Fundraising · Fundraising broker

Advisor commission for successful funding lead by him

startupJunkie Cofounder, hardcore coder with big enthusiasm in food and beverages industry

March 12th, 2018


What would be a fair compensation to advisor for pre seed startup and still pre revenue?

As for example one advisor ask for equity and commission from successful fund raising that through him, what would be fair number for both?


Fred Cohen We help grow companies

March 12th, 2018

It is illegal to take (or give) success fees in the US unless you are an SEC registered dealer broker. To see more on fair compensation for advisory board members, look at under Articles...
2017-06: Advisory Boards - Fair Compensation?

Jerad Leigh reinsurance expert and business lover

March 12th, 2018

Further to Fred's comment - there might be some legal challenges around giving a commission for the deal if they aren't registered.

As far as equity goes - 5% seems insanely large for a mere introduction, even if it results in closing financing. Equity for employees is provided to incentivise them to produce quality work in lieu of a larger salary. Companies often introduce a cliff associated with the equity as well to ensure that employees are incentivised over a longer period.

Given that you'll give early employees between 2 and 5% with a 3 year cliff, the idea of giving out 5% for a single transaction (that's not the VC themselves) seems very high to me.

David M

March 14th, 2018

Most in this response are misusing the word commission. Fred is correct that you can not structure a finder’s fee unless you are a registered broker. The penalties by the SEC include steep fines as well as nullification of the entire deal in transaction. However, a commission which is usually used to define a % for a contracted employee is a different matter. There are ways around the finder’s fee issue if you are employing the individual at your company, as opposed to a true broker of deals that works on finder’s fees or one time deals. As always talk to your lawyer first. Unfortunately, way too many people use finder’s fees illegally and often out of ignorance to the law. But ignorance is never an acceptable defense in court, so no point to risk it.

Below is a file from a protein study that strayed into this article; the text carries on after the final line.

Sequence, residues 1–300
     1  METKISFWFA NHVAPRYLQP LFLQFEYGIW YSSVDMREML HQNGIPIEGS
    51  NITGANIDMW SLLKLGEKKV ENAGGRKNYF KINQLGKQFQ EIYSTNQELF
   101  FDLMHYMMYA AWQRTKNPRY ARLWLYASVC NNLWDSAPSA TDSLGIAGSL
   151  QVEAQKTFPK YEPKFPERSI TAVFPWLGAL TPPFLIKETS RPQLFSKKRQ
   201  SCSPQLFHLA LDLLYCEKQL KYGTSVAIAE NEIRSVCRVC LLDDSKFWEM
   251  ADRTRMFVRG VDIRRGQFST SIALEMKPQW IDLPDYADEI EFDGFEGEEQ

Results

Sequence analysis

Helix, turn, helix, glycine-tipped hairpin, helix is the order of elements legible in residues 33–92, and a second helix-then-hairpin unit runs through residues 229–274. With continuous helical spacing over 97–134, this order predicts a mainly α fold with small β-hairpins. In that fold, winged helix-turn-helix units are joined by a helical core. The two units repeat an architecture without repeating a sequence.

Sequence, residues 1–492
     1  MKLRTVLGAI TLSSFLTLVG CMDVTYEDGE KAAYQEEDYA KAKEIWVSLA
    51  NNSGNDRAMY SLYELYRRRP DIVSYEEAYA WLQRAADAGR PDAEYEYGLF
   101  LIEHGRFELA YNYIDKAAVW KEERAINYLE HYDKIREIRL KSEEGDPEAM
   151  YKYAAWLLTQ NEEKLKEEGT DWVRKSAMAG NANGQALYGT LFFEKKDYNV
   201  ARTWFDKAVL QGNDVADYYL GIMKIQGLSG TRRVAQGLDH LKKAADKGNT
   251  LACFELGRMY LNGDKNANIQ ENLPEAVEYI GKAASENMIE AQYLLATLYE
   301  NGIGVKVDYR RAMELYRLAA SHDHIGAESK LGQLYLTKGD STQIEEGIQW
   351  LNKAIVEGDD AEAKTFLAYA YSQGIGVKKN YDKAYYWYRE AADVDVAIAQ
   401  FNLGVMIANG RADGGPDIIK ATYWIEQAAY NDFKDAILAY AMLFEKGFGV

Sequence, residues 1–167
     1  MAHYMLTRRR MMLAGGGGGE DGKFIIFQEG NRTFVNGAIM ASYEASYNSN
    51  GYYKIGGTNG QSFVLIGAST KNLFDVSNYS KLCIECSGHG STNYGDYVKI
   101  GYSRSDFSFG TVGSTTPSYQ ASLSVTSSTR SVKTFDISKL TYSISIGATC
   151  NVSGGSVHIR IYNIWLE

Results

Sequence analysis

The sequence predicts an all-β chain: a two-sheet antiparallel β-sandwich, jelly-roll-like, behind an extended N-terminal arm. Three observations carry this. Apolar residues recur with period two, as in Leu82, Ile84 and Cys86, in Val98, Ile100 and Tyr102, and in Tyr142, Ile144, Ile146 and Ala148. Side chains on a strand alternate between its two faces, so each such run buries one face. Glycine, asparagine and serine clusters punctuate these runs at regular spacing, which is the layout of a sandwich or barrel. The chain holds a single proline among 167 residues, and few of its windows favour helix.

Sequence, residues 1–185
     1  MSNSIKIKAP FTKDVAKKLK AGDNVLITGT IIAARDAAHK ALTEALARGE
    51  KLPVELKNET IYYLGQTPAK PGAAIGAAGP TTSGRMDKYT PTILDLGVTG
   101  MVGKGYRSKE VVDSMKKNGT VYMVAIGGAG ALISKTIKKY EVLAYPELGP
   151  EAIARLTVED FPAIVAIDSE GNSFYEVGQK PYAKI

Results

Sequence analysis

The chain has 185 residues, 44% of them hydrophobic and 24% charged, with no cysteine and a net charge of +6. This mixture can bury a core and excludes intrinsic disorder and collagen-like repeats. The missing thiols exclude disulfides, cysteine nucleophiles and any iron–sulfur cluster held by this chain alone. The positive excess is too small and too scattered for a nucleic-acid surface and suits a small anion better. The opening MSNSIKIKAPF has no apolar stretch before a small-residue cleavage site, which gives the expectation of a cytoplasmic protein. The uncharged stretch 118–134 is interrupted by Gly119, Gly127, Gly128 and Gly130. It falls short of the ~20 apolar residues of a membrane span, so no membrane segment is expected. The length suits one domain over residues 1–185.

In general 1-3% is what it used to be for more established investment deals, but with money hard to come by and being a start up, 5% is normal and I have seen as high as 10%. At the end of the day 95% of your funding or 90% of your funding is much better than 100% of nothing. As for advisors, generally 1-2% is acceptable, again depending on their role. I have friends who have made millions in the long run on 1% so don’t think its nothing.

Timothy Edwards Founder and Co-Founder of two salons, UNC-Ch, Orphan, Resilient, Tenacious, Fun Loving, Idea hotbed

March 12th, 2018

Here is probably the most thorough and concise piece I've ever read on compensating advisors. Hope it helps.

David M

March 14th, 2018

By the way, the 5% is on the raise. Equity is a different issue altogether. You are the CEO, you can do what ever you want within the law. If you want to double down with 5% of the investment and 5% of equity you can. Sweetening a deal only makes one more motivated. Just make sure you need to actually go that route. At the same time nothing annoys me more than to see start up entrepreneurs over grip on equity. Think conservative but fair. No one presses if they feel undervalued. Be open to negotiation and communicate that you want both sides to feel fairly treated and satisfied with the deal.

David M

Last updated on March 16th, 2018